• Dates – The dates for the data points
  • Name – The country’s name
  • Cases – The number of COVID-19 cases for the corresponding date
  • MaxCases – The maximum number of cases for this country on any date
  • CountryNumber – Just a number
  • DeviceCoords – The country’s data points transformed into bitmap coordinates

The Dates array is declared static so it is shared by all of the CountryData objects.

The program only uses the countries’ numbers to calculate a color for each country. (You’ll see that later.) The number doesn’t really matter as long as it doesn’t change for each country.

The DeviceCoords array holds the country’s data values converted into bitmap coordinates. The program uses those values to tell if the mouse (which has location in bitmap coordinates) is over the country’s data.

The ToString method returns the country’s name. The program’s CheckedListBox automatically uses this to display each CountryData object. (Comment out this method to see what happens if you don’t override ToString).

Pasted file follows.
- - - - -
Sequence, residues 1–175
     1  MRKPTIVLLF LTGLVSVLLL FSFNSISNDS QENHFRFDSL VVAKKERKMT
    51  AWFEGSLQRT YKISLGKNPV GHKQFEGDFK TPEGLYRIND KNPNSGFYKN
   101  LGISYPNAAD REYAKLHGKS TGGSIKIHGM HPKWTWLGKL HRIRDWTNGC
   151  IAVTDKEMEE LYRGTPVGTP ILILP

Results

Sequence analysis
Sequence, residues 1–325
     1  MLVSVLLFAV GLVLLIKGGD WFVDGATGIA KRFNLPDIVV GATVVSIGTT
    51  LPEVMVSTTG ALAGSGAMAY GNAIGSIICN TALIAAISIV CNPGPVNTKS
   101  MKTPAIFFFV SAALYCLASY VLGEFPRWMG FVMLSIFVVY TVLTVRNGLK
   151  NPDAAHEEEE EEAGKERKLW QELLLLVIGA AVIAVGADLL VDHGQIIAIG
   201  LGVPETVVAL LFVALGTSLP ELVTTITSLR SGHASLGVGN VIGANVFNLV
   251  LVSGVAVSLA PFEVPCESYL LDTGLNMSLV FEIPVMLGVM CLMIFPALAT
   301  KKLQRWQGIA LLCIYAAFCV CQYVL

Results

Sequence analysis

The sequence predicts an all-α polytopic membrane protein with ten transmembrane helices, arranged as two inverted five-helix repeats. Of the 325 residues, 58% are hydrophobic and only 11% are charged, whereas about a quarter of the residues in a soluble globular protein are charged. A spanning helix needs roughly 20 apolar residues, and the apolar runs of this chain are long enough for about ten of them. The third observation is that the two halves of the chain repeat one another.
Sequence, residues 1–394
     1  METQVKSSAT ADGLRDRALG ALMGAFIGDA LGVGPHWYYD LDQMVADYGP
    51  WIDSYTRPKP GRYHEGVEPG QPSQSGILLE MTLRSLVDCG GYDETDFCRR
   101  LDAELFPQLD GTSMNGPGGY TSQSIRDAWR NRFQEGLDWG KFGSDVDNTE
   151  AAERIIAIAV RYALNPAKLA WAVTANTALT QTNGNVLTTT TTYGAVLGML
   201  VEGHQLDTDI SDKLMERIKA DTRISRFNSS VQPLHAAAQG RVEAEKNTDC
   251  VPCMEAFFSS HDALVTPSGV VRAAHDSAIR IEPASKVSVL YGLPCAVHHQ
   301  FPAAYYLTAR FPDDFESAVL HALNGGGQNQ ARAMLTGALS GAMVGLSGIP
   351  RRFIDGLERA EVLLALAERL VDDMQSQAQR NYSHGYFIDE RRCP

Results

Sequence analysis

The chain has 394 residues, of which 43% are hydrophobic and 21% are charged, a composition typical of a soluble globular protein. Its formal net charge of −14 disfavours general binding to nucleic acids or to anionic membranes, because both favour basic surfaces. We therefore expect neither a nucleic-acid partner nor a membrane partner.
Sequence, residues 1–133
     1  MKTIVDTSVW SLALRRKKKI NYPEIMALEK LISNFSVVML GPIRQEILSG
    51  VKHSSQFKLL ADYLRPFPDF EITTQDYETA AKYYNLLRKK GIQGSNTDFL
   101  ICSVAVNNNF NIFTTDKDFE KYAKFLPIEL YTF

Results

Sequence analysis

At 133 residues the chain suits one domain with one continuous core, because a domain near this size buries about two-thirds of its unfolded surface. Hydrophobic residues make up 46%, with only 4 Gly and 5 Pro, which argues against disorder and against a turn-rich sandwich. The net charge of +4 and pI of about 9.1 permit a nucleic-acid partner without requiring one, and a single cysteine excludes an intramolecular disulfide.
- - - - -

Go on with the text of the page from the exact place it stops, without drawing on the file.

The program calls the SetMax method after a country’s data has been loaded. That method uses the Max LINQ extension method to find the largest value in the Cases array.

The following CreateCountryData method uses the CSV data to create CountryData objects.

// Create the country data.
private void CreateCountryData(object[,] fields)
{
    // Load the dates.
    Dictionary<string, CountryData< country_dict =
        new Dictionary<string, CountryData<();
    const int first_date_col = 5;
    int max_row = fields.GetUpperBound(0);
    int max_col = fields.GetUpperBound(1);
    int num_dates = max_col - first_date_col + 1;
    CountryData.Dates = new DateTime[num_dates];
    for (int col = 1; col <= num_dates; col++)
    {
        // Convert the date into a double and then into a date.
        double double_value = (double)fields[1, col + first_date_col - 1];
        CountryData.Dates[col - 1] =